Now streaming on Max and Spectrum.
Tom Of Finland
He’s the original Deviant Art, y’all. Based on the life of iconic gay artist Touko Laaksonen (a.k.a. Tom Of Finland) and directed by Dome Karukoski, Tom Of Finland explores the controversial artist’s sexy work and how it created community in a time where queer men had to hide their perceived deviance. While Laaksonen’s (played beautifully by Pekka Strang) work was sexually charged, with muscular men bursting out of their tight leather pants and harnesses, the film doesn’t shy away from the fear and repression Laaksonen experienced in his home country.
Now streaming on Hoopla and Kanopy. Rentable on Amazon Prime Video, Google Play, YouTube, Vudu, Apple TV and Kino.
Kill Your Darlings
Did you know that Allen Ginsberg—the sensitive poet and one of the faces of the peaceful Beat Generation—was once involved in a murder case? Kill Your Darlings, directed by John Krokidas, recounts the story of Ginsberg (Daniel Radcliffe) and his emotionally and sexually charged relationship with Lucien Carr (Dane DeHaan), who is charged and eventually convicted of murdering David Kammerer (Michael C. Hall). Ginsberg learns of the strange, toxic relationship between Kammerer and Carr, and writes a controversial paper about the killing called “The Night In Question.” Kill Your Darlings will definitely surprise fans of Radcliffe who are used to his squeaky clean Harry Potter persona, but kill your darlings and enjoy this dark, psychological ride.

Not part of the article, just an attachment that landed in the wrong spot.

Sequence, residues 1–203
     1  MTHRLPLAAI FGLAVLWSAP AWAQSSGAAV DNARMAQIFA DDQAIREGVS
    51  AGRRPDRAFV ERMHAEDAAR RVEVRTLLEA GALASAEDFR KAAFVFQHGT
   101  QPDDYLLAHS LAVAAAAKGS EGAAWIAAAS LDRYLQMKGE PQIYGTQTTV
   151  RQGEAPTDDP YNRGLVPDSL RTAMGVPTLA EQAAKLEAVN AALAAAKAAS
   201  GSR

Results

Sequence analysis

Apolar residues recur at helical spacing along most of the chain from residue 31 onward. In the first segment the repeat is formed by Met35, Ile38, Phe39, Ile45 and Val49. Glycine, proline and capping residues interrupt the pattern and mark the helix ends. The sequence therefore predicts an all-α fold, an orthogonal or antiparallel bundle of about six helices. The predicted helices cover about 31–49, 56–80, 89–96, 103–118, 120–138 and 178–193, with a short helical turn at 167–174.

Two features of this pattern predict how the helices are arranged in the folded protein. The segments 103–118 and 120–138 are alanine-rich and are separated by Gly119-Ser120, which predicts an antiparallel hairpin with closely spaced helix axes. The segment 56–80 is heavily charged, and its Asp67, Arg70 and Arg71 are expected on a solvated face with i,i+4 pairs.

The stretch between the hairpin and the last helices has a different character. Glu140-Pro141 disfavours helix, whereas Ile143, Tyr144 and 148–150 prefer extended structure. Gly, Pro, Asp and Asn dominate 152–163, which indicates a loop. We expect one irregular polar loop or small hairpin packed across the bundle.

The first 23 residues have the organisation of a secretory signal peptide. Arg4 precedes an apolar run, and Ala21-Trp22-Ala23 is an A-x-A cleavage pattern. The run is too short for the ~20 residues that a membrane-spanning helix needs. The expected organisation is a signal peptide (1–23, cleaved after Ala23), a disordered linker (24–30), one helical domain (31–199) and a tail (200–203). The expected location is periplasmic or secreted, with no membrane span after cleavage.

Now streaming on Roku. Rentable on all major services
Queen Latifah plays Blues singer Bessie Smith in this movie directed by Dee Rees. Smith, who is taken in by the legendary singer Ma Rainey (Mo’Nique), falls in love with Lucille (Tika Sumpter), but marries the unstable Jack Gee (Michael K. Williams). Bessie follows Smith’s turmoil-filled life through the Great Depression to her eventual comeback in the 1930s. In addition to a terrific performance by Latifah, Bessie has phenomenal music and strong supporting turns from Sumpter and Mo’Nique.
Now streaming on Max. Rentable on Apple TV, Amazon Prime Video, Google Play, YouTube and Vudu.
“My mother and father died before I was born,” says a lesbian in this VITAL trailer for “Lesbian Period Drama,” starring Carey Mulligan…and the cast of Saturday Night Live. Kate McKinnon does some of her most hilarious, on-point work in this sapphic sketch.